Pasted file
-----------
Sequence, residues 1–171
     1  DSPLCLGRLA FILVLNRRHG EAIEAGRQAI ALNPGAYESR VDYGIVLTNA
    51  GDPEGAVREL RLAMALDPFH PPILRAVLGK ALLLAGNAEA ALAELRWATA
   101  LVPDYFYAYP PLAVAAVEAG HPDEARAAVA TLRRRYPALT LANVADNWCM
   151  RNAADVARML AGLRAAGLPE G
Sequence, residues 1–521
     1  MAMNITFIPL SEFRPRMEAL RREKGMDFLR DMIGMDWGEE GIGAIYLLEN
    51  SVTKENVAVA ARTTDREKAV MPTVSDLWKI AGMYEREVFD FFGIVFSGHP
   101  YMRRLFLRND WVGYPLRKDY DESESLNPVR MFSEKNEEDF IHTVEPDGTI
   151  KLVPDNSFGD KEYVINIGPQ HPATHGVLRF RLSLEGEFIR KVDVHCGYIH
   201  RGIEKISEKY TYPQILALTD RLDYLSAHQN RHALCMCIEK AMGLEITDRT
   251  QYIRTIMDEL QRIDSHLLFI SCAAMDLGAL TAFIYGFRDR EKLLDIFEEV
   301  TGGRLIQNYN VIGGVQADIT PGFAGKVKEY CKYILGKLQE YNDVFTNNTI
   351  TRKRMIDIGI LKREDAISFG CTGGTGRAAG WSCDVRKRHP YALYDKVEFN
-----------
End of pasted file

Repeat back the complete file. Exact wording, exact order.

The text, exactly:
Sequence, residues 1–171
     1  DSPLCLGRLA FILVLNRRHG EAIEAGRQAI ALNPGAYESR VDYGIVLTNA
    51  GDPEGAVREL RLAMALDPFH PPILRAVLGK ALLLAGNAEA ALAELRWATA
   101  LVPDYFYAYP PLAVAAVEAG HPDEARAAVA TLRRRYPALT LANVADNWCM
   151  RNAADVARML AGLRAAGLPE G
Sequence, residues 1–521
     1  MAMNITFIPL SEFRPRMEAL RREKGMDFLR DMIGMDWGEE GIGAIYLLEN
    51  SVTKENVAVA ARTTDREKAV MPTVSDLWKI AGMYEREVFD FFGIVFSGHP
   101  YMRRLFLRND WVGYPLRKDY DESESLNPVR MFSEKNEEDF IHTVEPDGTI
   151  KLVPDNSFGD KEYVINIGPQ HPATHGVLRF RLSLEGEFIR KVDVHCGYIH
   201  RGIEKISEKY TYPQILALTD RLDYLSAHQN RHALCMCIEK AMGLEITDRT
   251  QYIRTIMDEL QRIDSHLLFI SCAAMDLGAL TAFIYGFRDR EKLLDIFEEV
   301  TGGRLIQNYN VIGGVQADIT PGFAGKVKEY CKYILGKLQE YNDVFTNNTI
   351  TRKRMIDIGI LKREDAISFG CTGGTGRAAG WSCDVRKRHP YALYDKVEFN